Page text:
CSCI inks HK$63b of likely tenders
China State Construction International Holdings (CSCI) has signed agreements with two companies involving billions of dollars of potential tenders for mainland contracts.
CSCI, one of Hong Kong's largest contractors, entered the mainland market in 2008 and started investing in infrastructure projects in 2009.
CSCI will invite China State Construction Engineering (CSCEC), a Shanghai-listed state-owned enterprise that is China's largest building contractor, to bid to work on mainland projects of CSCI's worth HK$43 billion between now and 2014.
'CSCEC has substantial experience in construction,' said CSCI's announcement. 'The agreement provides CSCI the option to engage CSCEC as contractors for CSCI's construction works. [This will] benefit CSCI by leveraging the substantial experience of CSCEC.'
The invitation includes HK$13 billion of contracts that CSCI may ask CSCEC to bid for in November and December, given that CSCI has won several mainland projects recently.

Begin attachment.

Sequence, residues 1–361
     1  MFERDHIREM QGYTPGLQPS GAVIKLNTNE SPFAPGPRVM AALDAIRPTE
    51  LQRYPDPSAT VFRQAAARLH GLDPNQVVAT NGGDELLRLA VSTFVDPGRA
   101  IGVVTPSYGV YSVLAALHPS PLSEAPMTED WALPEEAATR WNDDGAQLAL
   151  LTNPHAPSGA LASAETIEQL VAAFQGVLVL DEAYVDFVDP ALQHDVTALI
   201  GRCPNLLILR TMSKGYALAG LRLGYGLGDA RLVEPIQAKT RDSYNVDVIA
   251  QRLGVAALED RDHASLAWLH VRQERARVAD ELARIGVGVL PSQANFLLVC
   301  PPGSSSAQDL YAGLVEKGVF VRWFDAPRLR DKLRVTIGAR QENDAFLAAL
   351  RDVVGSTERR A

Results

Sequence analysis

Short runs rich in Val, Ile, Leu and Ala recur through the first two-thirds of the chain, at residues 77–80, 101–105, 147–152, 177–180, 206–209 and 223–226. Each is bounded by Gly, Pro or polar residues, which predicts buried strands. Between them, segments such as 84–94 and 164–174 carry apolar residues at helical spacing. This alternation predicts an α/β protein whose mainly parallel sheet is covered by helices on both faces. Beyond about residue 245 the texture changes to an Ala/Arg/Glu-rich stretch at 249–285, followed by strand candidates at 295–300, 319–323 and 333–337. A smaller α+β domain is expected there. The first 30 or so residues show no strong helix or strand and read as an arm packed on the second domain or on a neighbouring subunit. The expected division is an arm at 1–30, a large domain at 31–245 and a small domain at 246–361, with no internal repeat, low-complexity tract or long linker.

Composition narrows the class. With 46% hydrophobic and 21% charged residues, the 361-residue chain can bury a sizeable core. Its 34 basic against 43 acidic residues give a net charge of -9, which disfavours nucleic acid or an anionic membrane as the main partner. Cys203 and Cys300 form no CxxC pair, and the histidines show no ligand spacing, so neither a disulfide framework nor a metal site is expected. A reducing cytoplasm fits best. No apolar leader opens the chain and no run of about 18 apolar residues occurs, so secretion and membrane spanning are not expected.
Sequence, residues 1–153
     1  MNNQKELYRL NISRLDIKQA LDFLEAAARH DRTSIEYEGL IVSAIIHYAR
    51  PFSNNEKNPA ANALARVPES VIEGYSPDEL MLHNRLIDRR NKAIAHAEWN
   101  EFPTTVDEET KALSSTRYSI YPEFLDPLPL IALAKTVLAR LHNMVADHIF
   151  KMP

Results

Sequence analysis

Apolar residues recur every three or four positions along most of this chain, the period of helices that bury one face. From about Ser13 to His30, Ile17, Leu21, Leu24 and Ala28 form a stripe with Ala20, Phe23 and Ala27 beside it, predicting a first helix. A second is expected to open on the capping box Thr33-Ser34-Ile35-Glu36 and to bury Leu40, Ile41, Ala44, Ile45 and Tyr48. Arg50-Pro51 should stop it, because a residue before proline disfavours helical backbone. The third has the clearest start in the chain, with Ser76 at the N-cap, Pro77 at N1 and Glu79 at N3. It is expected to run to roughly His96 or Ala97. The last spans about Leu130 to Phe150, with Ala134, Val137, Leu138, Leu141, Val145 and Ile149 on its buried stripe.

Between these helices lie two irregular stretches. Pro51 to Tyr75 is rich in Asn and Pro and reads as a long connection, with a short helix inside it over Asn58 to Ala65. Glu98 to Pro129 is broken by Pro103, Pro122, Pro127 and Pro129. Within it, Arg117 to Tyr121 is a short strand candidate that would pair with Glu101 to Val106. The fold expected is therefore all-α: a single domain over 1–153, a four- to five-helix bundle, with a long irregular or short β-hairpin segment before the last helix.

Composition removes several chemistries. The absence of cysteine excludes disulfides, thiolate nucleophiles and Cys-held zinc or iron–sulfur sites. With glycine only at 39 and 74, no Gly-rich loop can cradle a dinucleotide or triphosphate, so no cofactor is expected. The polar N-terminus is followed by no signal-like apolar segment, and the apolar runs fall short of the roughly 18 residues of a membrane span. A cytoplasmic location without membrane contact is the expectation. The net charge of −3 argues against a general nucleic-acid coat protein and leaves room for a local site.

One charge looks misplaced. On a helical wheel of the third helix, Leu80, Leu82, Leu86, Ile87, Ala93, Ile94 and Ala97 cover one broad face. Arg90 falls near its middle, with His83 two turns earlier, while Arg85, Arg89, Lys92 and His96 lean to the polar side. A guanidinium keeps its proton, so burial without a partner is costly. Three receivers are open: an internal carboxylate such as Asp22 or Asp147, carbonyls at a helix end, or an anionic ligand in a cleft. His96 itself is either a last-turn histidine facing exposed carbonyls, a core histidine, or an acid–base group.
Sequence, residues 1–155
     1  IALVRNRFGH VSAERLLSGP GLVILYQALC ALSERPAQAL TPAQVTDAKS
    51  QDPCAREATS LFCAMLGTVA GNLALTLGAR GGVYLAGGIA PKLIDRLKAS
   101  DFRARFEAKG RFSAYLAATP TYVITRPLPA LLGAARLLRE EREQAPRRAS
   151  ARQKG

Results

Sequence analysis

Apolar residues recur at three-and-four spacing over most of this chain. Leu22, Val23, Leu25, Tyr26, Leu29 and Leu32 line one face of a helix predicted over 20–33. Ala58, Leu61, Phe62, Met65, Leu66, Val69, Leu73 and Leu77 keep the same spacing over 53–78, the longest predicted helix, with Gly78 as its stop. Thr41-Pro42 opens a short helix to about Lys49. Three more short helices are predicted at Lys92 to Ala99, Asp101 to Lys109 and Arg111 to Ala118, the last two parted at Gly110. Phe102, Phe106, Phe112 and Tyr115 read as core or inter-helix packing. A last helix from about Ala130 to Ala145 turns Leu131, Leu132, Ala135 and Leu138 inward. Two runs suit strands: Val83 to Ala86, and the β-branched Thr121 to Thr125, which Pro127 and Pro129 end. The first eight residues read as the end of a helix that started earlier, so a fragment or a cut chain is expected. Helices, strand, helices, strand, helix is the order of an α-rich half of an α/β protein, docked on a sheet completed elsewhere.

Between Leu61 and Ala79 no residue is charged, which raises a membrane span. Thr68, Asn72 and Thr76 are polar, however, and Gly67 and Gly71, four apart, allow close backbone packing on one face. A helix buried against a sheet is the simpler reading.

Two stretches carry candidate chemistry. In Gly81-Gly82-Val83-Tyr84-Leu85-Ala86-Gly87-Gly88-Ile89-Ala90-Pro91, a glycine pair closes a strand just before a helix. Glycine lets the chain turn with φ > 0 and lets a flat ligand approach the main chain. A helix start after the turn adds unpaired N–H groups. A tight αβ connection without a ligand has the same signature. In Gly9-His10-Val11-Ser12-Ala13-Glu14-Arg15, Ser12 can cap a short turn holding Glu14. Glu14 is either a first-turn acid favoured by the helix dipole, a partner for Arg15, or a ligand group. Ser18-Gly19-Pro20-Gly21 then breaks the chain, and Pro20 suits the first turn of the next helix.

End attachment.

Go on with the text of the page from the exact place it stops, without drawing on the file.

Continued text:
Meanwhile, China Overseas Holdings, which CSCI span off from in 2005, and which is a subsidiary of CSCEC, will invite CSCI to tender for housing and infrastructure projects worth 20 billion yuan (HK$2.44 billion) between now and 2014.
Separately, the agreement between CSCI and China Overseas 'will provide CSCI with a means to invest in housing and infrastructure businesses and enhance CSCI's rapid business development in China'.
CSCI had already won HK$25.7 billion worth of contracts this year, 49 per cent more year on year, according to a Citi report. 'The growth drivers are from build-transfer projects and build-operate-transfer projects in China, Hong Kong and Macau,' the report said. 'The outlook across these regions remains healthy despite the worsening macroeconomics in the United States and EU.'
As of September 9, CSCI's order backlog had soared 53 per cent year on year to HK$51 billion, which will be booked as revenue over the next three years, Citi said. CSCI's HK$51 billion of backlog orders includes $18.5 billion of budget housing.
Citi said CSCI believed its profit margins would improve in the second half as it undertook more affordable housing construction projects on the mainland and infrastructure financing projects.
A JPMorgan report said: 'The guidelines related to affordable housing loans issued recently by PBOC [People's Bank of China] are likely to accelerate the growth in new affordable housing projects in China.'